A multidisciplinary approach to today’s challenges in complement research
Using complement as a model system we apply ideas and methods embodied in engineering, computer science, physics, chemistry, and other fields to address today’s challenges in biomedical research.
The complement system has been long appreciated as a major effector arm of the innate immune response. It consists of a complex group of serum proteins and glycoproteins and soluble or membrane-bound receptors, which play an important role in host defense against infection. Complement, a phylogenetically conserved arm of innate immunity, functions together with the adaptive immune response by serving as an important inflammatory mediator of antigen-antibody interactions. It also provides an interface between the innate and adaptive immune response by contributing to the enhancement of the humoral response mounted against specific antigens.
In an era that nurtures the integrated study of biological systems as the prevalent concept in contemporary scientific thinking, complement research is being revisited and our current knowledge of this innate immune system is enriched by findings that point to novel functions that do not strictly correlate with immunological defense and surveillance, immune modulation or inflammation.
Departing from traditional hallmarks of molecular biology such as the genome and the transcriptome and beginning to appreciate more the “proteome” as the dynamic expression profile and unique ‘fingerprint’ of all organisms, novel associations between biochemical pathways and apparently unrelated biological processes are constantly revealed. In this respect, recent evidence produced by our laboratory (and others) suggests that complement components can modulate diverse biological processes by closely interacting with other intra- and intercellular networks.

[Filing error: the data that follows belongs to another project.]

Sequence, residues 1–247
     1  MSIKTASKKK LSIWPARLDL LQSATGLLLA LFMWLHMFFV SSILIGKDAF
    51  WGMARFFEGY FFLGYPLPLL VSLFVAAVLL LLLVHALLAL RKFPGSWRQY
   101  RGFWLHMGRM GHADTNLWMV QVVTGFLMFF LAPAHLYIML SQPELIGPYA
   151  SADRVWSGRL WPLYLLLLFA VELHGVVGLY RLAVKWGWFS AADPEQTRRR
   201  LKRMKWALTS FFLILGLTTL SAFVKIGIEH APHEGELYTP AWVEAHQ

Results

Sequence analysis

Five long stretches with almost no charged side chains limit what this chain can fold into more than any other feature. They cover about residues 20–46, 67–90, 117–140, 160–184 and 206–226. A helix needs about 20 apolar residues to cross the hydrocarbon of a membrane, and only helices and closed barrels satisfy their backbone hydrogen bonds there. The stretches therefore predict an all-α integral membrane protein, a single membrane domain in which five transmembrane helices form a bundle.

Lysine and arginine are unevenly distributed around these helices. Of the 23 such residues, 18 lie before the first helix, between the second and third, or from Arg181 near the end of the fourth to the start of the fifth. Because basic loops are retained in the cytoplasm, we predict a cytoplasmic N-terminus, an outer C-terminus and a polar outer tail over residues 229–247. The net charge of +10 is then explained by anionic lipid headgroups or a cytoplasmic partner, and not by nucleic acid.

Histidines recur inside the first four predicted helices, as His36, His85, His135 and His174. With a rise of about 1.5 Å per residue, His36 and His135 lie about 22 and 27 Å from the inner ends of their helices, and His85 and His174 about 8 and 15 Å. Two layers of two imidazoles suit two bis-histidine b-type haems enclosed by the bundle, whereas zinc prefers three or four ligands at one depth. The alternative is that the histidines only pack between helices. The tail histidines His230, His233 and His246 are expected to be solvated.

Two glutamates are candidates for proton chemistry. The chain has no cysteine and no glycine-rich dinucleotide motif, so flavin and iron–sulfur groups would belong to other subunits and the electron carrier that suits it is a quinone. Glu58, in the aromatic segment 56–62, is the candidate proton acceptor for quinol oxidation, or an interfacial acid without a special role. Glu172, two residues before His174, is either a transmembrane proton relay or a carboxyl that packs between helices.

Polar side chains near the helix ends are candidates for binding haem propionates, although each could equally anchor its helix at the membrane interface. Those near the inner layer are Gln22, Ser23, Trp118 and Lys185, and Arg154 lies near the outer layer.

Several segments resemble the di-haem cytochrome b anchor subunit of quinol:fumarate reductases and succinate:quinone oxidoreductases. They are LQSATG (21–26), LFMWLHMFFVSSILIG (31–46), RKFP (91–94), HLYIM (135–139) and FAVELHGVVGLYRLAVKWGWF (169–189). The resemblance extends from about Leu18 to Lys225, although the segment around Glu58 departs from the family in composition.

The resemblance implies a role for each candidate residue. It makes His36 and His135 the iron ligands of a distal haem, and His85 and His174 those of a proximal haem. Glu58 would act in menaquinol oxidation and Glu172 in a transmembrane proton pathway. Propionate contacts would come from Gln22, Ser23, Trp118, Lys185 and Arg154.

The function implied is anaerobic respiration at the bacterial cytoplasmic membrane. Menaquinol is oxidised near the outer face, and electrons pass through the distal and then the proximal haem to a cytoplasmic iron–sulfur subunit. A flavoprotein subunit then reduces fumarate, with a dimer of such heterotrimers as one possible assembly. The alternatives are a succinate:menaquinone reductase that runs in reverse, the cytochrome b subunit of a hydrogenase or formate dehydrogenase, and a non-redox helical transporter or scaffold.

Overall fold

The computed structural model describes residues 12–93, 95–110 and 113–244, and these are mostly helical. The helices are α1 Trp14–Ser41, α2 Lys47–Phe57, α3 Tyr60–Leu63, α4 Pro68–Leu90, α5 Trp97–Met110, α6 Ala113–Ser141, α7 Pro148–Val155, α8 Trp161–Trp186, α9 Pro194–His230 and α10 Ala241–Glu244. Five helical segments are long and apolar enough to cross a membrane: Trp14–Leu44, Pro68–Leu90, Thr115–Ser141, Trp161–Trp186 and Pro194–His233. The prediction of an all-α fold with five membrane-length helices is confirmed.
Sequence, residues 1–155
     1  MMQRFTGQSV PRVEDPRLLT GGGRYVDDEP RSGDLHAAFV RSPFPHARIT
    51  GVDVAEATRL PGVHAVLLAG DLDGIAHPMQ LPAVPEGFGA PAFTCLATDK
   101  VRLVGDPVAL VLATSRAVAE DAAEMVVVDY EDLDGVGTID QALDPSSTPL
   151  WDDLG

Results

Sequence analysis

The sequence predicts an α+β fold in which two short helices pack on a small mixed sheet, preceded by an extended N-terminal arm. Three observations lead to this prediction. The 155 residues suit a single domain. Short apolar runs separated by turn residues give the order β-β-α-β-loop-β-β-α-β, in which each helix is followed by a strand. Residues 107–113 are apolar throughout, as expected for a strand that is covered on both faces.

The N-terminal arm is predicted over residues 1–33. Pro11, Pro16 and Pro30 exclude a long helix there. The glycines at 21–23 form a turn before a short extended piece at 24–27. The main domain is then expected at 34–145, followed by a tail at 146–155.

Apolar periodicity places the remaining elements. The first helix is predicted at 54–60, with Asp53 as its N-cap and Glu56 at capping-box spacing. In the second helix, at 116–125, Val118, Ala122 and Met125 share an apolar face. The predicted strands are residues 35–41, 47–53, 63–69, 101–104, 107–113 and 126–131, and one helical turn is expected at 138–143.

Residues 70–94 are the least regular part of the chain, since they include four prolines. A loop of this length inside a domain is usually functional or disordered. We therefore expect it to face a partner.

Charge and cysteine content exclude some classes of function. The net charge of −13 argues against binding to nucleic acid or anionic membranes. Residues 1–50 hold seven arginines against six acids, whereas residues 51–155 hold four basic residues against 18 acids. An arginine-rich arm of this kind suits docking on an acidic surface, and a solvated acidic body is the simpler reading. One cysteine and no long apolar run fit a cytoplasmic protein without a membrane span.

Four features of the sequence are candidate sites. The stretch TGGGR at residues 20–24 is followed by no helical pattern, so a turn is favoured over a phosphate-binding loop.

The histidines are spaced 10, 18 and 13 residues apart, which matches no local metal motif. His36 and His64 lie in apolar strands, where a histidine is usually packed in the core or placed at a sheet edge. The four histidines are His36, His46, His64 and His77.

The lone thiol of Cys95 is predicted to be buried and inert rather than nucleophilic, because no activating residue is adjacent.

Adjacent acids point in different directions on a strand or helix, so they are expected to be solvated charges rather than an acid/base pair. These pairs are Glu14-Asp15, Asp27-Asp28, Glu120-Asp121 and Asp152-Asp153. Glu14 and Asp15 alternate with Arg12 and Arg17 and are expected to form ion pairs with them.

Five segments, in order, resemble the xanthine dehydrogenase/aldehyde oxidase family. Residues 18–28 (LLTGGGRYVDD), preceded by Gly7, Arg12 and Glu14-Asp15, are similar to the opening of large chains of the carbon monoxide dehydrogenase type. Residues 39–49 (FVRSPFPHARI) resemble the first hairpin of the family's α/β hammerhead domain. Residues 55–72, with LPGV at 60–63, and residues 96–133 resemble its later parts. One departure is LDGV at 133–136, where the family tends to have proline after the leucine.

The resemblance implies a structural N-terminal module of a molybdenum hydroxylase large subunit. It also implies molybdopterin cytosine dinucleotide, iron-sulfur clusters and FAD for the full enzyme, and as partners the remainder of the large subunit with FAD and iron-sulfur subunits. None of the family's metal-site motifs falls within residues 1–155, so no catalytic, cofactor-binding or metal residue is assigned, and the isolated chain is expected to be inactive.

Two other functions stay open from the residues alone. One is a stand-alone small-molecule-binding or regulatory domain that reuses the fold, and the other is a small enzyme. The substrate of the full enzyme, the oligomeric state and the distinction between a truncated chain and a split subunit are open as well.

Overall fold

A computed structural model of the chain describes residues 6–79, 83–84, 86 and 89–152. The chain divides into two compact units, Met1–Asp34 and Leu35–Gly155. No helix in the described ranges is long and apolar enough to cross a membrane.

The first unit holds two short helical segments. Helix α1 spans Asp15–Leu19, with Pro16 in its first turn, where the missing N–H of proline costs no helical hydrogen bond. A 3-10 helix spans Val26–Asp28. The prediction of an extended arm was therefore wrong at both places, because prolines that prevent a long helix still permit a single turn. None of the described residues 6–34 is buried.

Furthermore, the structure and functions of several complement proteins as well as the protein-protein interactions that underlie these functions are now being investigated with the aid of cross-disciplinary approaches ranging from mathematics and biophysics to comparative phylogenesis, in silico studies, mimetics and proteomics. Our laboratory, extending its research beyond the scope of traditional complement pathobiology, has embraced this global and combinatorial approach to biomedical research and has been actively engaged in defining the function of complement proteins in several biological contexts and pathophysiological states.
Our current research efforts focus on the structural-functional aspects of protein-protein interactions and the rational design of small-size complement inhibitors. We also study the viral molecular mimicry and immune evasion strategies, as well as the evolution of complement biology. In addition we study the involvement of various complement components with developmental pathways and the role of complement in tissue regeneration, early hematopoietic development and cancer.